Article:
"He started down a trail which I did not understand. He was speaking in off-English, in words which seemed one half notch off true meaning. He spoke earnestly, affably, but with one foot out of bounds."
This sounds precisely like a description of Wisconsin governor Scott Walker quickly issuing a statement to a reporter not allowed follow-up questions.
This is a man who won't face a group of Wisconsin citizens to answer questions and address concerns, yet one who proclaims himself "unintimidated" with airs of presidential ambition as he runs for reelection amid the investigation of the largest political scandal in Wisconsin history of which Walker is at the center.
The quote is from Jimmy Breslin's How the Good guys Finally Won: Notes from an Impeachment Summer (1975. Viking Press, Inc). (p.9), describing John Ehrlichman after Ehrlichman was found guilty of four counts of criminal offences.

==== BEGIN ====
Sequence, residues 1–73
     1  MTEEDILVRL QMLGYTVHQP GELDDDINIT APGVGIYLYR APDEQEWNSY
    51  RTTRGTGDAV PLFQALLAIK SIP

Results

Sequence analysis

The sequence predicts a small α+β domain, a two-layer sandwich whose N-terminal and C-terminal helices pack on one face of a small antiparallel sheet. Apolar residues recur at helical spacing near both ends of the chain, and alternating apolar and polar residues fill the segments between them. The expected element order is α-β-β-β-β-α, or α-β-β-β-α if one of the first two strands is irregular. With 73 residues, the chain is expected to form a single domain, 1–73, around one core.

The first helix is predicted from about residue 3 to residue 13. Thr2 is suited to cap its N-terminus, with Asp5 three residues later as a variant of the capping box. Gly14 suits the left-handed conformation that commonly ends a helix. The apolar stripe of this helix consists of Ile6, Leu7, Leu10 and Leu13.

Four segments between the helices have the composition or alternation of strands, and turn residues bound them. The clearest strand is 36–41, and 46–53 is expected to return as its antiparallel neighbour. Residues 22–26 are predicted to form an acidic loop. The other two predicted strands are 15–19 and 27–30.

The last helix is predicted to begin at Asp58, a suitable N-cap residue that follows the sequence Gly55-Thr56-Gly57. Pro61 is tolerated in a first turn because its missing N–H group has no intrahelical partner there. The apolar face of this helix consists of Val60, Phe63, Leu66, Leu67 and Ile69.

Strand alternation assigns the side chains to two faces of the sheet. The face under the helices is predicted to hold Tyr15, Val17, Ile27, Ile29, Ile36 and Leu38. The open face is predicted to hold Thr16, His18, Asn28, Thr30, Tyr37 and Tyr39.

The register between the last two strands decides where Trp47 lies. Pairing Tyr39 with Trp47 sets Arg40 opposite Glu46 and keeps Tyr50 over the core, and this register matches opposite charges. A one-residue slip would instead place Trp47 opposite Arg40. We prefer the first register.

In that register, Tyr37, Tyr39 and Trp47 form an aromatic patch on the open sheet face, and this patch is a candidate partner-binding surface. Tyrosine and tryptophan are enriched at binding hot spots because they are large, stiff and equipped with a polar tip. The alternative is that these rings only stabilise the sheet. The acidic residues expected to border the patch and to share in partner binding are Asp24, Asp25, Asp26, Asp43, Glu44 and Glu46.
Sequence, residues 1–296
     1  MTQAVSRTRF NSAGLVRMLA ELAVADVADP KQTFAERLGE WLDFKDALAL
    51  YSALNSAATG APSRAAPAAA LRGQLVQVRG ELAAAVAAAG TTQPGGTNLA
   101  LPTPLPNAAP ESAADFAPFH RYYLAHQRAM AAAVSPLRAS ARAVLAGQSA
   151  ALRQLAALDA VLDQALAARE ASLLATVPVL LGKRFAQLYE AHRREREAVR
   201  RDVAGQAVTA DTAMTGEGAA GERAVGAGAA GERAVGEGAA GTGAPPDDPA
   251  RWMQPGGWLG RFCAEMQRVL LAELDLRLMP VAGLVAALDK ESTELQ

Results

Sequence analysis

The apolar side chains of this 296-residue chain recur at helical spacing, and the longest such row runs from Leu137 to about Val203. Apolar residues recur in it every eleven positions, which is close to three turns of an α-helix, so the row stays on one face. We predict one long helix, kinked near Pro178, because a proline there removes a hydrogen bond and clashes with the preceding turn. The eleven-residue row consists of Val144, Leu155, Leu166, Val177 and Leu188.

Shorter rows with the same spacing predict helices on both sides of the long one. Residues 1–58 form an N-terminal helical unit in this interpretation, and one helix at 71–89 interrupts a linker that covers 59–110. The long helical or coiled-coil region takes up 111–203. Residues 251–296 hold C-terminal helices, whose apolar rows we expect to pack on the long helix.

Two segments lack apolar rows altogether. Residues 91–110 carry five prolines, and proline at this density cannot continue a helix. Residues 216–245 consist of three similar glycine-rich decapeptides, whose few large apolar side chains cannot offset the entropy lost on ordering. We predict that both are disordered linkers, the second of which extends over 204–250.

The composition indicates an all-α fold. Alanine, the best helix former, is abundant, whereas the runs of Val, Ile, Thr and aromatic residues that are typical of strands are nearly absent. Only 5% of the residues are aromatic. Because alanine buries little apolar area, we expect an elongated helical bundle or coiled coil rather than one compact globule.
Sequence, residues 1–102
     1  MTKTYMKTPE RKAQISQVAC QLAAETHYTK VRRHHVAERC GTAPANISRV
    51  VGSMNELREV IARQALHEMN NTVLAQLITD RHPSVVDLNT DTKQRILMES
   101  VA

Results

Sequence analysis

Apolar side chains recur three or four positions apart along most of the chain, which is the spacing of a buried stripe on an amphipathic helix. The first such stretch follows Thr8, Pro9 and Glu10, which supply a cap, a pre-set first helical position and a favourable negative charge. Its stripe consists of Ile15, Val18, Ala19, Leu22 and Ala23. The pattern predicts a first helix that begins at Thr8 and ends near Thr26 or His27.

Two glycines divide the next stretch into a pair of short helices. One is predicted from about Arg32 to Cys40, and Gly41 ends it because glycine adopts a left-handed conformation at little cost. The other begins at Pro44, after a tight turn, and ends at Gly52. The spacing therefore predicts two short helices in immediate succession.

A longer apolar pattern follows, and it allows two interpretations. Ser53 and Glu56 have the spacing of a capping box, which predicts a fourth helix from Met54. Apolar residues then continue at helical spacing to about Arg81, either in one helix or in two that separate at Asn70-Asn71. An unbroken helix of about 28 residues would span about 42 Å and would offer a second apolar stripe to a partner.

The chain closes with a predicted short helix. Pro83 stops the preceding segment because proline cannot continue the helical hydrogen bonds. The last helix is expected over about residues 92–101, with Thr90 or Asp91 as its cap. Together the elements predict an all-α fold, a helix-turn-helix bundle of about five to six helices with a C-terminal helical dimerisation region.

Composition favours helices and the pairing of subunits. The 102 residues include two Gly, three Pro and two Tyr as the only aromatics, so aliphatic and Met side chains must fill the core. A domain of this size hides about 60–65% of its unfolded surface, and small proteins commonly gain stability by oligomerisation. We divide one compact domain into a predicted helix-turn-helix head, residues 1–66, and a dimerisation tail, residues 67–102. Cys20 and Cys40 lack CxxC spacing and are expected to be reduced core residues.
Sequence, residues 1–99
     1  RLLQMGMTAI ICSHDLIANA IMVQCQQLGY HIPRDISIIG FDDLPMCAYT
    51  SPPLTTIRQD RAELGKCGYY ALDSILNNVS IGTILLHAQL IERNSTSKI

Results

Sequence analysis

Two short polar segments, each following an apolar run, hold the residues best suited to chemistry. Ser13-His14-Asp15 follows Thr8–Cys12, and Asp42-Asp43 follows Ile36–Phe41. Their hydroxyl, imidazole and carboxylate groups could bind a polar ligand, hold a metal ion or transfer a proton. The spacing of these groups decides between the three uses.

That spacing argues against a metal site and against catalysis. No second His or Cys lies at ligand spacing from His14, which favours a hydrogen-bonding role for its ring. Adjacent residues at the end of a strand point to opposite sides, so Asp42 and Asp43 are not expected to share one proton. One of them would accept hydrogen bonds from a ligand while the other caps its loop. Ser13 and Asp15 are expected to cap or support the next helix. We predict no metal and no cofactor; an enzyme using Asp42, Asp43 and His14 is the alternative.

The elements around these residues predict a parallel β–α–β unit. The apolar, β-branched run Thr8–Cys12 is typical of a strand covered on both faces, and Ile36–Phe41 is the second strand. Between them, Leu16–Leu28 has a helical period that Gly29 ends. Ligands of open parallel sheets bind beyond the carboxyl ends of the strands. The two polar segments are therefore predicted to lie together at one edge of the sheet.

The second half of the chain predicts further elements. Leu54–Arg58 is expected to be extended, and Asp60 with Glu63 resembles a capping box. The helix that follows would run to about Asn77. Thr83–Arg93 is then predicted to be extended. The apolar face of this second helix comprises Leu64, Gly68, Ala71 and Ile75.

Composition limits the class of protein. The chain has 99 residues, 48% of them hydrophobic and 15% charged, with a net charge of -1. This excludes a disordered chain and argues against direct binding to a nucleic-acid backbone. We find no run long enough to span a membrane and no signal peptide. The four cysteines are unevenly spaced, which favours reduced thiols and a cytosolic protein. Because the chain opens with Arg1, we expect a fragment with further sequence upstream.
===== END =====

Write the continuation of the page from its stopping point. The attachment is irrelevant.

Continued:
Scott Walker is more of a lightweight than Ehrlichman, but possesses the same criminal mind, determined to escape accountability.
Early this weekend, the Wisconsin Government Accountability Board asked to intervene in the John Doe probe, on hold as Wisconsin law enforcement has appealed a ruling issued last spring by the rightwing Federalist Society federal judge, Rudolph Randa, halting the investigation.
In an under-reported development, Brendan Frishcer broke a story last week, that new "documents indicate that just weeks after the first subpoenas were issued in Wisconsin's 'John Doe' criminal campaign finance probe in October 2013, senate Republicans had begun working to change state law to legalize the activities under investigation."